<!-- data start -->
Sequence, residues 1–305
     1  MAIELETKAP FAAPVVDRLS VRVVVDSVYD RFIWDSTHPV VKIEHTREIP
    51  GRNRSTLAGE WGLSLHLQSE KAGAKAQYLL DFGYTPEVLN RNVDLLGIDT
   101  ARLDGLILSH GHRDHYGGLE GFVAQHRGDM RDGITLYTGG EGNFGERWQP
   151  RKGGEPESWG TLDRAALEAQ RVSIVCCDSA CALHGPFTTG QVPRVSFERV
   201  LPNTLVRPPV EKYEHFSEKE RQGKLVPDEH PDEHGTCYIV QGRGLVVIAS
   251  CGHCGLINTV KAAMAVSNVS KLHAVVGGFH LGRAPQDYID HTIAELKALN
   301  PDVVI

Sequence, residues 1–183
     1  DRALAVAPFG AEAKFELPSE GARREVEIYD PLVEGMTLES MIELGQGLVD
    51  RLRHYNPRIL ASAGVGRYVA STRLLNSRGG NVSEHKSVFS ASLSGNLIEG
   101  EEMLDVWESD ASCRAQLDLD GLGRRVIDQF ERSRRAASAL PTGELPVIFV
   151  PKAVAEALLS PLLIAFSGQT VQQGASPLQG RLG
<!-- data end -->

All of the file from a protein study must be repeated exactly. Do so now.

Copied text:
Sequence, residues 1–305
     1  MAIELETKAP FAAPVVDRLS VRVVVDSVYD RFIWDSTHPV VKIEHTREIP
    51  GRNRSTLAGE WGLSLHLQSE KAGAKAQYLL DFGYTPEVLN RNVDLLGIDT
   101  ARLDGLILSH GHRDHYGGLE GFVAQHRGDM RDGITLYTGG EGNFGERWQP
   151  RKGGEPESWG TLDRAALEAQ RVSIVCCDSA CALHGPFTTG QVPRVSFERV
   201  LPNTLVRPPV EKYEHFSEKE RQGKLVPDEH PDEHGTCYIV QGRGLVVIAS
   251  CGHCGLINTV KAAMAVSNVS KLHAVVGGFH LGRAPQDYID HTIAELKALN
   301  PDVVI

Sequence, residues 1–183
     1  DRALAVAPFG AEAKFELPSE GARREVEIYD PLVEGMTLES MIELGQGLVD
    51  RLRHYNPRIL ASAGVGRYVA STRLLNSRGG NVSEHKSVFS ASLSGNLIEG
   101  EEMLDVWESD ASCRAQLDLD GLGRRVIDQF ERSRRAASAL PTGELPVIFV
   151  PKAVAEALLS PLLIAFSGQT VQQGASPLQG RLG